Bill Spencer, who is host of the weekday morning classical music show, will be out of a job. "I guess I can say it's a very tough, tough personal blow to me," he said. "It's been in the wind for a while and it's probably in the best long-term interests of the station."

Most of the station's weekend programming will remain unchanged, including Bob Benson's classical music program on Saturday and Sunday afternoons and such shows as "Weekend Edition" and "Car Talk."

The station also will continue to produce the BSO's broadcasts of its performances at the Meyerhoff, which have been a joint production of the station and the symphony since the 1985-1986 season.

All of the weekday programming at WJHU, with the exception of Marc Steiner's talk show and Andy Bienstock's jazz program, will be syndicated. That decision drew criticism from one station employee, who asked not to be named.

"In pursuit of higher ratings they have done the typical thing, which is to eliminate what's original in the format and replace it with proven imports," the employee said. "They say they want us to do more public affairs and news, but [most] of the public affairs and news programs are coming from the satellite. They have nothing to do with Baltimore."

Mr. Kita, however, pointed out that the Marc Steiner show, which often discusses local issues, will expand to two hours a day in the fall.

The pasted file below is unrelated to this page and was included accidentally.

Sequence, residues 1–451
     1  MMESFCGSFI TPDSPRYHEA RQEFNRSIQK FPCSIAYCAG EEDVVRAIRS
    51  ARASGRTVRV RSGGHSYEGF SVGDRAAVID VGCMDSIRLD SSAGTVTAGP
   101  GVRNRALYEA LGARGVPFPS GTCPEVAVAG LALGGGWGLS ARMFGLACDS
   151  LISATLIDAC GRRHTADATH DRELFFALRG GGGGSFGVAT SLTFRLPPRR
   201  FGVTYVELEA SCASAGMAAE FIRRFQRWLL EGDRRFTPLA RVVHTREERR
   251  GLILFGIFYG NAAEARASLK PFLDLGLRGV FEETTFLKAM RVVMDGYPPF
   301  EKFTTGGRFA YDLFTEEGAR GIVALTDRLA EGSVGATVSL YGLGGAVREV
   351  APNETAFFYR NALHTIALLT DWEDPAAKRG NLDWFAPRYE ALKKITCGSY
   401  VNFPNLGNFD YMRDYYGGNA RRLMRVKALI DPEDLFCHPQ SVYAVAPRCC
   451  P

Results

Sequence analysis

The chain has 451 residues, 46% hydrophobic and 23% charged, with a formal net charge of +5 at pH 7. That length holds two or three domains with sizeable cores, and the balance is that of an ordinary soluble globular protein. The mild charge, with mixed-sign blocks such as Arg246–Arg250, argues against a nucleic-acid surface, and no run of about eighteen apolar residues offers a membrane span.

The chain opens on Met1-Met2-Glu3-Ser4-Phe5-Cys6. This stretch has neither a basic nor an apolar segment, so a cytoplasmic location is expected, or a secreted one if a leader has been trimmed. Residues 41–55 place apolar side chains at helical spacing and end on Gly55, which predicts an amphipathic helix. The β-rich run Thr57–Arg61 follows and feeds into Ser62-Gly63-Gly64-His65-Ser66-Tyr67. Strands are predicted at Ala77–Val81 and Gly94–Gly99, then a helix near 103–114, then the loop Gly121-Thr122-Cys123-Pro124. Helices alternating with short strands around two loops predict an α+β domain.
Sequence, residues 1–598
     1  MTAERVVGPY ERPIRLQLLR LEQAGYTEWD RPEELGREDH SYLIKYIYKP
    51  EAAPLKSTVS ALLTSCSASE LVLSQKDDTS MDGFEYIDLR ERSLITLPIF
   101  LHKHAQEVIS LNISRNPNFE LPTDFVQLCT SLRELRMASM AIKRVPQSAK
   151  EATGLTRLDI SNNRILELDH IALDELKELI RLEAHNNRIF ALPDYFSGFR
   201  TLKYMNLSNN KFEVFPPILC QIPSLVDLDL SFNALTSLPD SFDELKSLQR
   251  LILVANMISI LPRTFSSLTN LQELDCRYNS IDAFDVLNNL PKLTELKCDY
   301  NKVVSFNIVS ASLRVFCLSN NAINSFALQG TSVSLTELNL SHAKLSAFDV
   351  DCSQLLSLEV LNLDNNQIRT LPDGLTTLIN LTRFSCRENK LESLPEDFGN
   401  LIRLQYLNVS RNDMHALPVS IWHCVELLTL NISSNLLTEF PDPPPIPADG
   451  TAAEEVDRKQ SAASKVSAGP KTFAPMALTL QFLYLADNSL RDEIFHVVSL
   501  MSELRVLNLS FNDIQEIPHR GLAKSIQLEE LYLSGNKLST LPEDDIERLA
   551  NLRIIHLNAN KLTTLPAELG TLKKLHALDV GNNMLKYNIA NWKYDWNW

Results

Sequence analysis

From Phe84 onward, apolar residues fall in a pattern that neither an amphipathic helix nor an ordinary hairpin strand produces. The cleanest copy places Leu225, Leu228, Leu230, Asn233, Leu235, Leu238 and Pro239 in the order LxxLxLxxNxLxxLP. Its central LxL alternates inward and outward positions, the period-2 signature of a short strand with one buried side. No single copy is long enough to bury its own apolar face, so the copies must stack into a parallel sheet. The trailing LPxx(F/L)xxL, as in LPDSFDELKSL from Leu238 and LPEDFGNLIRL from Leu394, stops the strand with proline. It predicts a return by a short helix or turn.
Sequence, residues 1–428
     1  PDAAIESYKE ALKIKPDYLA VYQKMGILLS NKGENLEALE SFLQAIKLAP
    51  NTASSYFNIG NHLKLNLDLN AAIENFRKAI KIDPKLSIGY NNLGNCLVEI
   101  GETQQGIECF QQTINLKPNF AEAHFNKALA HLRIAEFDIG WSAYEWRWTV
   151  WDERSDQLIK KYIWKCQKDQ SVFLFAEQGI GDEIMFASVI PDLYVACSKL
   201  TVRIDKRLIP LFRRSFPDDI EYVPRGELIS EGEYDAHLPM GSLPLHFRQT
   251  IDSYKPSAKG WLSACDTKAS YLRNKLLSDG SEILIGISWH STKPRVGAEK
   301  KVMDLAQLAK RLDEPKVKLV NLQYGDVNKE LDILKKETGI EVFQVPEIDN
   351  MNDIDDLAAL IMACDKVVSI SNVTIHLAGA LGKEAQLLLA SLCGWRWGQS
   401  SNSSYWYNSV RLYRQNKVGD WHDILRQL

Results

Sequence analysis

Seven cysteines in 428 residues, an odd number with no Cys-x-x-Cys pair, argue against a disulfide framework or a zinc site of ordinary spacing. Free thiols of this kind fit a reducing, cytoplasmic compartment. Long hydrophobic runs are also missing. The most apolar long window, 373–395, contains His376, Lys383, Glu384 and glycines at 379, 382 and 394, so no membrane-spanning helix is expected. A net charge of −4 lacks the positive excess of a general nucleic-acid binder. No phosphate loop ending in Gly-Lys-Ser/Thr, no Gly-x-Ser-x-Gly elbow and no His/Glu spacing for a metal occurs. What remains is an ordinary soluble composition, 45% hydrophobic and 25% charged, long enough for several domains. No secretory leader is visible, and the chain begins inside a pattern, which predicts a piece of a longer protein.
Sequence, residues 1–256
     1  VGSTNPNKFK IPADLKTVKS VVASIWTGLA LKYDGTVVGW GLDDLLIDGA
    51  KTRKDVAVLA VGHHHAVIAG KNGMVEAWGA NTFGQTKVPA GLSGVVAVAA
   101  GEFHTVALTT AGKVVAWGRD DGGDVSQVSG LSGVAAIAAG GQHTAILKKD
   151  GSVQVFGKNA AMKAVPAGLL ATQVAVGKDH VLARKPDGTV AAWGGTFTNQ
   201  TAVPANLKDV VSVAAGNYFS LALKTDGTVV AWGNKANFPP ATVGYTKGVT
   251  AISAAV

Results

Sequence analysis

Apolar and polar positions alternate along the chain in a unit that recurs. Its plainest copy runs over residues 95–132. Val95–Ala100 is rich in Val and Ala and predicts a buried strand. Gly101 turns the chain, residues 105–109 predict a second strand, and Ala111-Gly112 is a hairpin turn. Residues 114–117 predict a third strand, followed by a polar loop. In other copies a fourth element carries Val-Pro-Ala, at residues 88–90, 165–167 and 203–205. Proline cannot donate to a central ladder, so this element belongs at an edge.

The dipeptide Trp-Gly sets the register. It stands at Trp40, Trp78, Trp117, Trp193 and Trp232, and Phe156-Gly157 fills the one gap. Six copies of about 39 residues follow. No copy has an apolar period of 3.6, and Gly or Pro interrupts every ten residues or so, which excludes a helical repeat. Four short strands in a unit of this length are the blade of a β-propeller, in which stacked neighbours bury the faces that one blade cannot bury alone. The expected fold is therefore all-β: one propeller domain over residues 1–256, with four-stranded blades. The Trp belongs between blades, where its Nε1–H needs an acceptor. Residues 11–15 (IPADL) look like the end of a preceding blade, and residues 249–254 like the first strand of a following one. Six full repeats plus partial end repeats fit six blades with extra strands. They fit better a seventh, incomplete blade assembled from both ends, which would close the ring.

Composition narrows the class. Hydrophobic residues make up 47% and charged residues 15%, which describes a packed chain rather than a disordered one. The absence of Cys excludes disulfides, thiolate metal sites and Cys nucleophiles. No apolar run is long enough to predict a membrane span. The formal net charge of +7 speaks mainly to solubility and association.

"We're also looking at the possibility of doing additional feature programs which are locally based, commentaries from members of the community and short features which we hope to integrate into our national programs."

For years, WJHU's classical music programming has unsuccessfully battled the all-classical music lineup at WBJC (91.5). In the most recent Arbitron ratings for public radio stations, WJHU ranked a distant second to WBJC -- whose audience is about 50 percent larger during the average week.

The station, owned by Johns Hopkins University, entered the radio wars in earnest in the summer of 1986, creating enormous expectations. The university invested more than $1 million in transforming what had been a student-run station into a public radio station with luxurious new quarters on North Charles Street.